The First Steps

During Space Shuttle flight STS-100, in April 2001, the Canadian-built Space Station Remote Manipulator System (SSRMS), Canadarm2, was unfolded from its protective metal cradle. It gingerly took its first step, climbing out to begin exploring the International Space Station.


Setting it up for that first step required a complex choreography involving the Shuttle's Canadarm and two spacewalking astronauts, including Chris Hadfield, who became the first Canadian to perform a spacewalk.

First, Canadarm was used to lift Canadarm2, still folded inside the metal pallet in which it was launched, out of the Shuttle's cargo bay and attach it to the Space Station Lab, Destiny.

Then Hadfield and American astronaut Scott Parazynski attached a temporary cable to supply electrical power and a computer/video link between Canadarm2 and a workstation inside the station.

Hadfield and Parazynski unbolted the arm from the pallet, manually unfolded its two long booms, and secured the hinges in the middle that allowed the booms to be bent in two.

Next, astronauts inside the station commanded Canadarm2 to reach out with one of its two identical "hands" and grasp a device known as a power data grapple fixture on Destiny.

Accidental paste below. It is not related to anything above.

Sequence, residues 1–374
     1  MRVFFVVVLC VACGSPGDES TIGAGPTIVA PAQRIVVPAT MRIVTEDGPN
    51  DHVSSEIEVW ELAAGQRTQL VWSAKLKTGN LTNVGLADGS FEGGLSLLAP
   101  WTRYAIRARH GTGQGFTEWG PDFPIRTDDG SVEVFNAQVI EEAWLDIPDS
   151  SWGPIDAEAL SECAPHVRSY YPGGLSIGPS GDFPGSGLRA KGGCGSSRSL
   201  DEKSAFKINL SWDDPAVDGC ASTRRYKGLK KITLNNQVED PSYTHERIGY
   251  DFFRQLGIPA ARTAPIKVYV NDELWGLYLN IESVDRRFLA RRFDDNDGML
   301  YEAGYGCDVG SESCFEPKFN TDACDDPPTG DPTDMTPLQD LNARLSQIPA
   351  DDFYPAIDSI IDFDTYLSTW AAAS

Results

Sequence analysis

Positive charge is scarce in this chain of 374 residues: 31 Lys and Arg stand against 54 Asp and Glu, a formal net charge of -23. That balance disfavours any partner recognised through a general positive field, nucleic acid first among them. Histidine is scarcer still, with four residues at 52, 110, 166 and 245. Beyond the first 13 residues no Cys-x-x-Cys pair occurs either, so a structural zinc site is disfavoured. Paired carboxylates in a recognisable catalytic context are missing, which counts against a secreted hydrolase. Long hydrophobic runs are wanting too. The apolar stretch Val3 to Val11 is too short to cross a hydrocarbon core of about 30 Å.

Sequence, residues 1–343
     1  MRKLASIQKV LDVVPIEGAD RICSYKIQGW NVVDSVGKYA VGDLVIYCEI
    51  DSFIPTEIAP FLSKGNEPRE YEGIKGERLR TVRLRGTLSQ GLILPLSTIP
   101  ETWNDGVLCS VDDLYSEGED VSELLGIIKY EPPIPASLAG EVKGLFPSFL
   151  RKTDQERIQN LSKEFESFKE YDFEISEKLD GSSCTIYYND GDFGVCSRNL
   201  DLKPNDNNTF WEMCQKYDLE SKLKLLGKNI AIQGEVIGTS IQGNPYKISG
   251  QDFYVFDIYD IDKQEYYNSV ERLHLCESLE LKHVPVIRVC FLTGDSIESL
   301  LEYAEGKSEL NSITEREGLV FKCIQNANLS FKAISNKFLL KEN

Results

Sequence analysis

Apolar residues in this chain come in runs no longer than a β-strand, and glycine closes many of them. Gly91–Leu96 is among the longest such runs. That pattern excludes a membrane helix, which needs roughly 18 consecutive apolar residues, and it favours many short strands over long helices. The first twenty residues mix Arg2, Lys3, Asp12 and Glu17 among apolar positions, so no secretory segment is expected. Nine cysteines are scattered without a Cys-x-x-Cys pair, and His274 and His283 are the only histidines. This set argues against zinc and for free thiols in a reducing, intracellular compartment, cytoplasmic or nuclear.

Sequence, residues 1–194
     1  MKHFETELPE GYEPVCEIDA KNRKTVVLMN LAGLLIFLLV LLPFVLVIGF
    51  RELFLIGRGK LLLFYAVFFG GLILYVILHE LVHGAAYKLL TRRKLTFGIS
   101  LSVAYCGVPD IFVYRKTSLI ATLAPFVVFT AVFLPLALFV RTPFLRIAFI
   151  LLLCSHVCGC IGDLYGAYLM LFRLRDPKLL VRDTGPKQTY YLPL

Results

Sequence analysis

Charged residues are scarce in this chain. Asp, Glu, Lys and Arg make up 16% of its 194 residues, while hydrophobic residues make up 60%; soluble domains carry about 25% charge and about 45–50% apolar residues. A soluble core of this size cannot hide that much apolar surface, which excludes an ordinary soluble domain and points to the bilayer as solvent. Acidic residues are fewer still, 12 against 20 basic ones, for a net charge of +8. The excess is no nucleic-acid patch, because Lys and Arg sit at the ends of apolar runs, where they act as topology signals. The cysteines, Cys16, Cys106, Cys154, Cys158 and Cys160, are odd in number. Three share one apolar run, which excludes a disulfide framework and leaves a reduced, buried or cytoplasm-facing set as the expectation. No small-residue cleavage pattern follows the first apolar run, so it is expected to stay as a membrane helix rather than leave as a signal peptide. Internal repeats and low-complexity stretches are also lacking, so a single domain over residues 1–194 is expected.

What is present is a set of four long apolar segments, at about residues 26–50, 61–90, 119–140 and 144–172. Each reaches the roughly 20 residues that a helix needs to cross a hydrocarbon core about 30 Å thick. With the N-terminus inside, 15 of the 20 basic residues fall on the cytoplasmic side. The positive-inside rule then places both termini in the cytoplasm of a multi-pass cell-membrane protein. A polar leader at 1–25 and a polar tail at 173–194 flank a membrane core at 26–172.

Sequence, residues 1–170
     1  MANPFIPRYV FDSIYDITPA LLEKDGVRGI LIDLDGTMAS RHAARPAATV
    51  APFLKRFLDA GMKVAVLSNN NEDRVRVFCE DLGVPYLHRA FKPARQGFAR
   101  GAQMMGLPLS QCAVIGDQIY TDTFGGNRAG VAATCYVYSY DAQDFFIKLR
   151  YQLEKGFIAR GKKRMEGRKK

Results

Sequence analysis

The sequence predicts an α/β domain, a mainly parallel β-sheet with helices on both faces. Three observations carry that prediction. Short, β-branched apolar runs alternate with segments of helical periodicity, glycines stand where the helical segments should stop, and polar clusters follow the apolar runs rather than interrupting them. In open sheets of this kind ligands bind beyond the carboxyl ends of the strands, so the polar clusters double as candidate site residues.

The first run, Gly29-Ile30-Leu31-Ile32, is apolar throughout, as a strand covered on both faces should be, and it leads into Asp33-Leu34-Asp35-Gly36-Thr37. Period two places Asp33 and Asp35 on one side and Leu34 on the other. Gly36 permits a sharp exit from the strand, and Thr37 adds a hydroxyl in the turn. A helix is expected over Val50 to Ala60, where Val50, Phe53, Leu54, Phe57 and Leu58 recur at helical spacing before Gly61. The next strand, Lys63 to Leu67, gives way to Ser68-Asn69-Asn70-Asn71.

These fixtures are round, antenna-like devices that provide the robotic arm with power and computer links. Eventually, many of them will be located around the Station's external structure, allowing the arm to walk end-over-end like an inchworm.

Canadarm2 then "stepped out" of its pallet onto the station.

Historic handshake

A few days later, Canadarm2 and Canadarm performed the first robotic "handshake" in space. Canadarm2 moved the pallet over the Shuttle's cargo bay while, inside the Shuttle, Hadfield commanded Canadarm to reach over and grasp it. When Canadarm2 let go, Hadfield placed the pallet in the Shuttle bay for return to Earth.

This is the first operation with two robotic arms ever performed in space. At this point, the system had run through its basic moves and was now ready to start helping build the rest of the station.